• Measure Range* 20” – 165’
  • Accuracy* ± 1/16”
  • Measure Speed* 0.5 seconds
  • Laser Type 650 nm, ± 10nm, Class II, ≤ 1mW
  • Power Supply 9V Alkaline Battery (included)
  • Battery Life 5000 measurements
  • Dimensions 4.1” x 2.4” x 1.3”
  • (104 x 61 x 33 mm)
  • Working Temperature 32°F to 104°F (0°C to +40°C)
  • Storage Temperature -4°F to 104°F (-20°C to +60°C)
  • Auto Shut-off Laser 30 seconds
  • Auto Shut-off Main Power 3 minutes
  • Sound Activated Noise Level Greater than 75 decibels
15 Responses
  1. My sister bought me a tape measure like this one (different brand though) several years ago and I use is at various times. Every time I use it with someone else around, they ask about it and tell me they are going to go get one.

    It is an excellent tool to have a a resource.

    Just my thoughts,


  2. paintergal says:

    So many useful tools. On a limited budget, however, I cannot justify spending the bucks on something that would be used occasionally. In a perfect world, I’d love to have one!

  3. Joe says:

    Good stuff, looks like a useful tool. Not sure I could ever justify one for myself.

    Also, sorry to geek out, but the Pythagorean Theorem is Trigonometry, not Calculus… resisting the urge to geek out more and explain.

    • Ethan says:

      Ah you got me- good catch there Joe. I’ve updated the post 🙂

      • Joe says:

        No big deal, as I said, I was being a geek, I would guess most readers wouldn’t have caught it or even cared.
        Looking at the manual it looks like they actually use the Pythagorean theorem, but I suspect that measurements will be a bit off (due to targets not actually making a right triangle). If they really wanted to make it more accurate (but probably more expensive) they could have included an accurate accelerometer to determine the angle of the device when it takes the measurement, and then do more complicated calculations using that angle. Then you could hit two arbitrary points and it could tell you the distance between them.

  4. jeff_williams says:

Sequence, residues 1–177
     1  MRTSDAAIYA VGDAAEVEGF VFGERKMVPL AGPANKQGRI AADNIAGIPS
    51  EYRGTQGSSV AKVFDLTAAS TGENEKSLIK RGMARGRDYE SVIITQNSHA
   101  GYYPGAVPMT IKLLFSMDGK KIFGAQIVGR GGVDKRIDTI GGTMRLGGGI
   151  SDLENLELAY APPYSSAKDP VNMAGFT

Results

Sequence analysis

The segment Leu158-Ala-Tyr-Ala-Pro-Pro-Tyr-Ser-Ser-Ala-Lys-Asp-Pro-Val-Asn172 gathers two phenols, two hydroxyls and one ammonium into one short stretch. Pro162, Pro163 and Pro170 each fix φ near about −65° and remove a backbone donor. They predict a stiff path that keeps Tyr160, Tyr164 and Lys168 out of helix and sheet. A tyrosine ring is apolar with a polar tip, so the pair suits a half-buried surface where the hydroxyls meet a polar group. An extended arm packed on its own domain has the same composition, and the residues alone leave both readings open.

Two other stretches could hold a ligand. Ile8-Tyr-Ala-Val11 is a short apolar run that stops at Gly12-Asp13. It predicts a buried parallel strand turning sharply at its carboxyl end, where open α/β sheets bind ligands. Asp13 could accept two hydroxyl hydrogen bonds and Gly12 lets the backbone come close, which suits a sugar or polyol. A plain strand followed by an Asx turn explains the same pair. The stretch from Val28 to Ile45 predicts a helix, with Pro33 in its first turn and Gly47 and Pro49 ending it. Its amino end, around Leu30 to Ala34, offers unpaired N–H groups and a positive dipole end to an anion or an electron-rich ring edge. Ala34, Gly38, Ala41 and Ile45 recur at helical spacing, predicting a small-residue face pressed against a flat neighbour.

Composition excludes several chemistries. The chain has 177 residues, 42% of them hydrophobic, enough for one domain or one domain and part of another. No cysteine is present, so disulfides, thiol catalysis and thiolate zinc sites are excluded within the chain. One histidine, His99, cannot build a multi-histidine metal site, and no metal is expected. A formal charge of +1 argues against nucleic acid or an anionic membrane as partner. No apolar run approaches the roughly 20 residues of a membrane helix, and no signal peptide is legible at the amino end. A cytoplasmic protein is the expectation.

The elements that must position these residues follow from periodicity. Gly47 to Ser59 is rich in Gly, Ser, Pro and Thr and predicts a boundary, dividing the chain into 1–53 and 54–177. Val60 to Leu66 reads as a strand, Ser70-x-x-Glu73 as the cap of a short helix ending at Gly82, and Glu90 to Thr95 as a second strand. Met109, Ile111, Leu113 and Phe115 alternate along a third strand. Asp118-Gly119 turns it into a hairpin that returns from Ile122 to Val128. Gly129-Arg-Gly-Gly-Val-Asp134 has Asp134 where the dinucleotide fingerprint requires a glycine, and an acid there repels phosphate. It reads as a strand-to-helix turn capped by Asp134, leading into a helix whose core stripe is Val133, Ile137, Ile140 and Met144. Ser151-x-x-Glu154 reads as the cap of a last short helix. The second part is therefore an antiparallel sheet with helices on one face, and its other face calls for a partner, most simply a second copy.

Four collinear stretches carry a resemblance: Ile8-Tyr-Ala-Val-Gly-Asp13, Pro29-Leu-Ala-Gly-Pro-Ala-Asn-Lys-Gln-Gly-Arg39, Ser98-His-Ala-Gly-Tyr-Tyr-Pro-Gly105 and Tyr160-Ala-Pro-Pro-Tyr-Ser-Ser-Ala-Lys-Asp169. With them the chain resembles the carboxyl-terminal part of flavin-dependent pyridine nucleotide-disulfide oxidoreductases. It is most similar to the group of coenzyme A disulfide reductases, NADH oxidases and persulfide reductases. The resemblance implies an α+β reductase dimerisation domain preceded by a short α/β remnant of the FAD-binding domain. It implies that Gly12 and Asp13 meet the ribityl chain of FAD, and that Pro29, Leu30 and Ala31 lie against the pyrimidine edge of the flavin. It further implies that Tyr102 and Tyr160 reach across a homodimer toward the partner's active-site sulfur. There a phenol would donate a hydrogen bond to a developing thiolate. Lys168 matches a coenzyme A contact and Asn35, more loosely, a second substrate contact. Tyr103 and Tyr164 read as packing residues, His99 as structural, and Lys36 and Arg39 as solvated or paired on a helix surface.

I have this model also. It is indispensable for quick measurements. Every estimator should have one. Could be really useful for realtors too. I ditched the protective rubber cover on the first day.

  5. Great review Ethan. I don’t remember much trigonometry from HS, does it have a refresher course in that gadget?

    • Ethan says:

      After you get used to the display, it really does a good job of walking you through. For instance, when you want to use the double indirect mode. It has a little symbol of the measurements you’ll need and next step flashes.

  6. Very cool, I have some buddies who use some distance tools similar to that in the Fall when they are hunting. It make sense to me there would be the like tool for measuring distance on a different scale. Keeping up with tools and the changes they go through is very interesting. And you having the opportunity to see it all early and first hand are very lucky! Thanks for the info. Dave

  7. DIY Cabinets says:

    I’ve been using this kind of tool for years now, so handy!

  8. Eek565 says:

    This is one of those tools that I think is more useful for a tradesman than your average DIYer given the price point. Once the prices come down on laser devices, and I suspect they will soon, I’m sure I’ll be looking at adding one to my arsenal of tools.

    • I thought that at first too but it is amazingly useful. I use it on my friends projects as well as my own. With the right coupons it is really close to $100 at Home Depot.

  9. HANDYMAN51 says:

    Our realtor used a similar device to quickly measure room sizes. Very handy for use in that profession.